Skin Cancer Foundation revamps sunscreen seal

By Simon Pitman

- Last updated on GMT

Related tags Ultraviolet Uva

The US Skin Cancer Foundation has taken the decision to update its Seal of Recommendation for sunscreen products to reflect more stringent industry standards.

The organization says it has updated the seal following its introduction 30 years ago. Since then it has become a recognized household logo that is claimed to be used on over 800 products, both nationally and internationally.

As well as sun care creams, those products also include UV treatments for products such as sunglasses, umbrellas, laundry products, clothing and films for residential windows.

The seal is being updated in an attempt to meet tougher minimum sun protection recommendations for the latest sunscreen products on the market, which are designed to optimize against over exposure to the sun’s UVA and UVB rays.

Focus on UVA rays

In particular, the new seal concentrates on ensuring that all products bearing the seal comply with the organization’s agreed standards for UVA protection.

In recent years UVA rays have become an integral part of sunscreen protection, following on from the increasing body of scientific evidence suggesting that these rays also pose a risk to the onset of skin cancer.

In 2007 the FDA introduced a new rating system for UVA protection as well as the recommendation that all sunscreens include a warning label about the dangers of sun exposure.

Proof of photostability

Following on from this, the revamped seal stresses minimum UVA and UVB requirements, as well as ensuring proof of the formulation’s photostability.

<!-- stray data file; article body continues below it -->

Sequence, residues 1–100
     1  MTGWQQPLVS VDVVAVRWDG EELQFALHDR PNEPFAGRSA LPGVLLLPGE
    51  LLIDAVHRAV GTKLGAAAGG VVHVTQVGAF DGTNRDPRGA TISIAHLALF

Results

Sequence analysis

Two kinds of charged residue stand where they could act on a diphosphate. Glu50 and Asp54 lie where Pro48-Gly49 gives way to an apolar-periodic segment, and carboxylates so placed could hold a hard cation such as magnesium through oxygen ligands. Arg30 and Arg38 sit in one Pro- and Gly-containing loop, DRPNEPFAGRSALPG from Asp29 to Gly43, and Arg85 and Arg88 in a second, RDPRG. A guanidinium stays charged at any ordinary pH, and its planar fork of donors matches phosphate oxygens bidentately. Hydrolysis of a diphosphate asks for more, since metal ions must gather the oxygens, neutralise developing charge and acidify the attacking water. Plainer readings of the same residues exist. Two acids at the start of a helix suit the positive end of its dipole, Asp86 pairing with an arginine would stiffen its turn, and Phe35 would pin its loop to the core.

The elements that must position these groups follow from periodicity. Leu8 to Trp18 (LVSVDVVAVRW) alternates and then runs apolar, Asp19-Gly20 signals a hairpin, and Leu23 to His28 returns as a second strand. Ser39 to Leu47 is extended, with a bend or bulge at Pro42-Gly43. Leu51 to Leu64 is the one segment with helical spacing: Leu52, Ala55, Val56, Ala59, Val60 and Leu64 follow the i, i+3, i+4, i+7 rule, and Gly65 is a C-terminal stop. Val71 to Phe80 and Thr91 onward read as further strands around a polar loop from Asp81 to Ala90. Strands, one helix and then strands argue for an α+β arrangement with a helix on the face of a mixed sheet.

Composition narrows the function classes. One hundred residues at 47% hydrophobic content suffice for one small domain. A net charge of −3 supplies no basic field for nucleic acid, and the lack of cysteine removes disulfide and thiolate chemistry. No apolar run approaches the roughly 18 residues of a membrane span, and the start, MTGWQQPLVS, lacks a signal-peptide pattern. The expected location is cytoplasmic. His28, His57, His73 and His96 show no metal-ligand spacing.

“Our goal, now more than ever, is for the seal to help consumers easily identify safe and effective sunscreens amid varying claims and labeling practices,”​ said Perry Robins, president of the Skin Cancer Foundation.

Further to this, the seal has also been divided into two key categories – Daily Use, intended to give consumers protection to every day incidental sun exposure, and Active, intended to give minimum recommendations for individuals exposed to the sun for longer periods of time.

Daily Use and Active recommendations

The requirements for the Daily Use seal include minimum UVB protection SPF 15 and UVA protection to a critical wavelength of 370 or PPC 5, together with proof of formulation stability.

For the Active seal, manufacturers have to prove a minimum UVB protection SPF 30, and UVA protection to a critical wavelength of 370 or PPD 10, combined with proof of photostability and proof water resistance.

The organization began to accept applications for the new seal back in July and says it will require full compliance by all current seal holders by May 2012.

Related topics Formulation & Science

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